Editor’s Note: This is a guest post by Stefan Bhagwandin from Share Your Office. His opinions are his own.
Finding talent is only half the battle, as every recruiter knows. Sifting through resumes and online portfolios is challenging as it is, but when you do find a candidate that you’d hire on the spot, you can bet they’ve got a few other offers on the back burner.
How can you stand out?
Salaries are what they are, and you certainly can’t drain all of your funding on hiring. What makes your startup a more enticing option than every other company that offers the same pay and perks?
Company culture is a big factor; in many cases, it’s the deciding factor. But culture is abstract: you can’t prove to a candidate in a single interview that your company is a fulfilling place to work.
Fortunately for us, there’s an oft-overlooked factor that instantly (and wordlessly) broadcasts your company culture: office design.
People can’t help but judge books by their covers. Every recruit you bring into the office is going to use your interior design to judge what kind of culture your company has. Luckily, there are a few common factors that startup employees and independent workers look for in an office. Add these factors to your value proposition, and you’ll have a new hire in no time.
Whether your office is collaborative or private, communication between team members is key. Open office designs are trendy, but noise can be a big problem. Employees spend most of their time talking to their immediate neighbors anyway.
And yet, having open access to one another is crucial. In a Share Your Office report, David Head of Design Live said that his team was “2-3 times more productive” when they were working side-by-side. Likewise, Lauren Mosenthal of Glassbreakers said that it’s “really beneficial to be able to slide over to someone you’re working with and say, ‘hey, can you take a look at this?'”. The key is to encourage focused, informal discussions about work, without eliminating privacy altogether and drowning the room in distracting chatter.
Everyone seems to think that startups prize fun over all else. Common startup office amenities include kegerators, bean bags, and the ubiquitous ping pong tables. From an outsider’s perspective, the superficial ethos of fun dominates the office environment, making it harder for employees to focus on actual work.
There’s no doubt that office amenities are awesome, but they’re awesome specifically because they’re part of company culture. Flashy office conveniences might entice newbies, but for recruits who’ve been around the startup block, the novelty is gone.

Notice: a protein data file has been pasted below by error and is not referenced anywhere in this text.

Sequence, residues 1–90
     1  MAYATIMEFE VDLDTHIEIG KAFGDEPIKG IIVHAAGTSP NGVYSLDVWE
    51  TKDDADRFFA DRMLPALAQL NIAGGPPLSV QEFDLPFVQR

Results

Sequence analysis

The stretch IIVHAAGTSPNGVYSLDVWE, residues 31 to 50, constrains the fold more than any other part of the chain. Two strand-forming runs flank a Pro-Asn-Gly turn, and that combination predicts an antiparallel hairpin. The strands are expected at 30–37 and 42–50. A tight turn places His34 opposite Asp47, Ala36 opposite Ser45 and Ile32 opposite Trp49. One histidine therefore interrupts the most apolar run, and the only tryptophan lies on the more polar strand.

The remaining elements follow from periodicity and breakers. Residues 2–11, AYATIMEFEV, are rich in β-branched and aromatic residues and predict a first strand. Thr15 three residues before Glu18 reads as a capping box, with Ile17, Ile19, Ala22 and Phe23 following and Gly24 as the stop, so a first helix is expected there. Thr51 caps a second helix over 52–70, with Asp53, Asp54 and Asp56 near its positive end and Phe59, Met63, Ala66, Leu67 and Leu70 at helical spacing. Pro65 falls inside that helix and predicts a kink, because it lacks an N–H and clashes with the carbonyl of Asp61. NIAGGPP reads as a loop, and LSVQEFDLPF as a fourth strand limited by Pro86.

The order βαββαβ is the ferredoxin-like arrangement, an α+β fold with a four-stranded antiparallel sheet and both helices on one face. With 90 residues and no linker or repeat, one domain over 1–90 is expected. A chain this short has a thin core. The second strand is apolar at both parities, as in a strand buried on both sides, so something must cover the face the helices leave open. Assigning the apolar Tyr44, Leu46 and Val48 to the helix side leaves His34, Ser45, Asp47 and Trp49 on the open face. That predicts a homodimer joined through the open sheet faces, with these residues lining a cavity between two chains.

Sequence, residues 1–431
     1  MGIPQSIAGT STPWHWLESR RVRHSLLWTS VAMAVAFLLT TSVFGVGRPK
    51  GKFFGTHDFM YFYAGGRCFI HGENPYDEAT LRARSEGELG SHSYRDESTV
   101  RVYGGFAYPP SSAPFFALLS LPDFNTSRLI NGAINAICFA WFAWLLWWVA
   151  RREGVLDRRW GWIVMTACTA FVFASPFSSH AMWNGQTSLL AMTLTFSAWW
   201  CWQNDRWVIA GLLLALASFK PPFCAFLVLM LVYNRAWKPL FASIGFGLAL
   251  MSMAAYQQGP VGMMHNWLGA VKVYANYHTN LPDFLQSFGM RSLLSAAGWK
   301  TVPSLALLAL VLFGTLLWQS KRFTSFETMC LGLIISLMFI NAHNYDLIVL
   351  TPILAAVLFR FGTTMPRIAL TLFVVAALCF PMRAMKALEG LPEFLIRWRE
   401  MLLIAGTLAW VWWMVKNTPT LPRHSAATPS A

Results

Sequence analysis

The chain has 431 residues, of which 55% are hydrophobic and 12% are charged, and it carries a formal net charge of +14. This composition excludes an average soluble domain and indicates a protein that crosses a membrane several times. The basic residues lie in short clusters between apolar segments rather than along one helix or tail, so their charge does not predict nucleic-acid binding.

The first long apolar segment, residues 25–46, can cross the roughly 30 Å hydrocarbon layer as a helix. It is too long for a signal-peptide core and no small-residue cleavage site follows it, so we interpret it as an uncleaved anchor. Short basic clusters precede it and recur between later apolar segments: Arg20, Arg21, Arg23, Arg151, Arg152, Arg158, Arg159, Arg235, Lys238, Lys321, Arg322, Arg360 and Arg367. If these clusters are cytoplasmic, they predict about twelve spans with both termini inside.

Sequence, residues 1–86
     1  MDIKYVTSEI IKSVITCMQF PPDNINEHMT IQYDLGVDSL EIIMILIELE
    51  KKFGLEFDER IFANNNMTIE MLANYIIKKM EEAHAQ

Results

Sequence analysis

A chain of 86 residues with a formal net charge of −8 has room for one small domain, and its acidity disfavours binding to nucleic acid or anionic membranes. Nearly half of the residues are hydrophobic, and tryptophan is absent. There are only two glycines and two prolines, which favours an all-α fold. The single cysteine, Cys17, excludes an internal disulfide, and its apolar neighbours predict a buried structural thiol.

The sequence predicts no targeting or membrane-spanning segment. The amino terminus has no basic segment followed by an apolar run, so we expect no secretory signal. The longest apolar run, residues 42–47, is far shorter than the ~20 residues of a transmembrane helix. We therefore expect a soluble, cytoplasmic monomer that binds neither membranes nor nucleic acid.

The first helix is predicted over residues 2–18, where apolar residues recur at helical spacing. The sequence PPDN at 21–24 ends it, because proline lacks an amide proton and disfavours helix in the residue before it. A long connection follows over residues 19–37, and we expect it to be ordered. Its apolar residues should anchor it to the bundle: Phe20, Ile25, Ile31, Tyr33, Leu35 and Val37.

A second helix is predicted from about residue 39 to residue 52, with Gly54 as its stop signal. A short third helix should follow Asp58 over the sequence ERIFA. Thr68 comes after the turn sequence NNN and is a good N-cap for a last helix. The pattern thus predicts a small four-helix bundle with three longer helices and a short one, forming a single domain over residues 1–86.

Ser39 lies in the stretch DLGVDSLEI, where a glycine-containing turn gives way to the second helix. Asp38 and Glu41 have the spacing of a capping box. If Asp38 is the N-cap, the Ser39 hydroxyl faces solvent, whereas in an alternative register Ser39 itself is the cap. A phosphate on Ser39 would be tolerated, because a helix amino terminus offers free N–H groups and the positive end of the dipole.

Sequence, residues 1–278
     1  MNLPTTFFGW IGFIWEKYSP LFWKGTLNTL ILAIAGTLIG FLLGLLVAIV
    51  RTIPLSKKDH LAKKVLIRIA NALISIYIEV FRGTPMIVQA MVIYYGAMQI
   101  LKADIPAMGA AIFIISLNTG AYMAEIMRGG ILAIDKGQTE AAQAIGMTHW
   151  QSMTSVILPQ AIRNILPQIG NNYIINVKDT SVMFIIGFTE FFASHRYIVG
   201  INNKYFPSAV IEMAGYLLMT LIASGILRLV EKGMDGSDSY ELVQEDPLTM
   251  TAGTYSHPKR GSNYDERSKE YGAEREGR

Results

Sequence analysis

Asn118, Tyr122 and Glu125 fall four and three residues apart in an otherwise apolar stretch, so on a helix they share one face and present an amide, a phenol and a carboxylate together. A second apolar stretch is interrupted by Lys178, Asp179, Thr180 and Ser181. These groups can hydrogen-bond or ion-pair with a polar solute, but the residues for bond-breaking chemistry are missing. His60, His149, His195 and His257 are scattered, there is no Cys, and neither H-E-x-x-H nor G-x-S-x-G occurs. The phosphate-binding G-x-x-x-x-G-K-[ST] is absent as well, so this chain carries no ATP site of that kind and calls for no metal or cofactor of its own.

Instead, pitch the social and mental value of having beer in the office. The practical value can be replicated (just go out and buy a beer yourself), but having the whole team gather and relax for happy hour might be exactly the kind of team-building exercise your recruit wants to see.
In the age of communal work spaces, you don’t have to convince potential startup hires that they’ll be able to socialize at the office. Communication is the norm. Instead, some applicants might worry that they won’t be given the quiet time they need to do their job and get home at a reasonable hour.
This is especially true for jobs that require constant use of the phone, like sales or business development. Showing that you have comfortable, private phone call space might make all the difference to someone whose career depends on it.
Never forget the practical details. I’m talking about things like internet speed, coffee brands, and social outings with the team. The details might be minute, but demonstrating knowledge and awareness of the little things that make work life fun will boost your credibility with a potential new recruit. Wouldn’t you be more inclined to trust a recruiter’s sales pitch if they could tell you the office’s upload/download speed at the drop of a hat?
When talking to potential new employee, you want to build credibility and trust. If you understand the employee’s tastes and preferences (even if they’re trivial), your goals will feel more aligned. Sometimes, it’s the little things that are most effective at indicating your company culture.
You might take it for granted because you work there, but your office really is the first non-digital impression you’ll make on prospective hires, and we all know that first impressions count. If your space is appealing and you pitch its value in a way that makes sense to the applicant, you’ll fill your talent gap in a snap.
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